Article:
Kathy Purdy is a colchicum evangelist, converting unsuspecting gardeners into colchicophiles. She would be delighted to speak to your group about colchicums or other gardening topics. Kathy’s been writing since 4th grade, gardening since high school, and blogging since 2002.

. . . the difference between great daffodils and common ones is not so vast as one thinks in the first flush of excitement when one starts being serious about daffodils.

~Henry Mitchell in The Essential Earthman: Henry Mitchell on Gardening

13 Comments… add one

Peter Thomsen June 21, 2013, 8:01 am

Wonderful Post ! I Just Love This Plants, Thank you for sharing your wonderful thoughts with us.

Noemi Bostrom June 20, 2013, 12:39 pm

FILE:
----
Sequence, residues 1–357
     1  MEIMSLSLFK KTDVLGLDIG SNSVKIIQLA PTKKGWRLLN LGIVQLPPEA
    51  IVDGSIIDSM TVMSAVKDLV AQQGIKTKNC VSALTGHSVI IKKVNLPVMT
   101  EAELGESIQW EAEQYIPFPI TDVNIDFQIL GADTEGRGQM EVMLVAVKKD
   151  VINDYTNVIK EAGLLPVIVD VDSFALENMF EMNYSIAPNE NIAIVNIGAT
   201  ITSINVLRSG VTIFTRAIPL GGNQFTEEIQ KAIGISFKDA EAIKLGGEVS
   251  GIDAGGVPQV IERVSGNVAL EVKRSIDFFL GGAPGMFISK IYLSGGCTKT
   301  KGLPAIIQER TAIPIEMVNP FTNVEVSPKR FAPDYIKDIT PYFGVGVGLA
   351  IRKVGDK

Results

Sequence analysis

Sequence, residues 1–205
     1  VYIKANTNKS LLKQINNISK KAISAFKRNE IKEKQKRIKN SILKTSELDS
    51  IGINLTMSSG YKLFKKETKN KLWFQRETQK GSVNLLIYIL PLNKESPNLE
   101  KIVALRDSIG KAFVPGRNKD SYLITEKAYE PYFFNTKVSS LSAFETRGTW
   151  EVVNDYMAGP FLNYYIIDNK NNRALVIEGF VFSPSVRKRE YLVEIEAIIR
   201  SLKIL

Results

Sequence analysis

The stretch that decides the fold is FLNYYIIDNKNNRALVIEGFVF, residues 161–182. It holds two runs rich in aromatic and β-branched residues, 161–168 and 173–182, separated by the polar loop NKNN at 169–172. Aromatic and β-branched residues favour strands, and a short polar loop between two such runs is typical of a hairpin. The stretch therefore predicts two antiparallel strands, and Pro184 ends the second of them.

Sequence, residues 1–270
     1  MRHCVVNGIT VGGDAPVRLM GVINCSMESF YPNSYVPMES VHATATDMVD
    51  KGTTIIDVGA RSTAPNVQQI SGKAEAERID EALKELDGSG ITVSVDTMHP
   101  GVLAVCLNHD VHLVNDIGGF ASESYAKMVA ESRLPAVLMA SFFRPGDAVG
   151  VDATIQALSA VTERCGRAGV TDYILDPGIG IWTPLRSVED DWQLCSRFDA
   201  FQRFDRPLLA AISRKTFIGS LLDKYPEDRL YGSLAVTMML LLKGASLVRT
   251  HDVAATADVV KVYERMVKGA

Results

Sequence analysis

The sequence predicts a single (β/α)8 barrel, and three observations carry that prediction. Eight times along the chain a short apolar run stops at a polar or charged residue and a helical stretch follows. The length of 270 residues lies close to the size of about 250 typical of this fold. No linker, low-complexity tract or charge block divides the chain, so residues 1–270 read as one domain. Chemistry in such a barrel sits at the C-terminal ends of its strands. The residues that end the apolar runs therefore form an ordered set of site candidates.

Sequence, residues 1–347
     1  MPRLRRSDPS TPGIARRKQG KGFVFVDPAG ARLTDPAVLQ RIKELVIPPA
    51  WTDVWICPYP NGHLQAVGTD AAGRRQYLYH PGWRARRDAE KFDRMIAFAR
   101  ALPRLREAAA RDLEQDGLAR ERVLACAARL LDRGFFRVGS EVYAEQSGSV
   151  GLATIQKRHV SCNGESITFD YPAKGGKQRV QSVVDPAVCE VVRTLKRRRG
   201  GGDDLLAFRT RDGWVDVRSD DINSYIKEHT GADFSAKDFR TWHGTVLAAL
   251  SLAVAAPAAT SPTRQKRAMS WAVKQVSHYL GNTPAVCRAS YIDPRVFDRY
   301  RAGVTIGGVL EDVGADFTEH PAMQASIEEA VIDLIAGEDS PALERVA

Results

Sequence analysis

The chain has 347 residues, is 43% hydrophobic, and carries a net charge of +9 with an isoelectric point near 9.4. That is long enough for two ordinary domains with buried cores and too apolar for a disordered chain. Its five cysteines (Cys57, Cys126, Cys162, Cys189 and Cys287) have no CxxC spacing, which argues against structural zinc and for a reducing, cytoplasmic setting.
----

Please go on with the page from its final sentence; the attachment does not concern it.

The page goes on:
These miniature gardens are really awesome. I will try to make one. BTW, I also have Japanese maples in my garden and it almost covered half of my stone wall.

Deborah B June 20, 2013, 10:25 am

I’m not especially into miniature gardens and still leery of trying Japanese maples here, but you had me at the Green Lace primula. Wow!

Kathy Purdy June 20, 2013, 12:56 pm

Miniature gardens and Japanese maples are Dana’s specialties, but she has plenty more than that and is worth a spring trip. (She closes in July, which is coming up quickly.) I am leery of trying Japanese maples myself, but one was growing here when I moved in, and seems to be thriving.

Donalyn June 16, 2013, 3:06 pm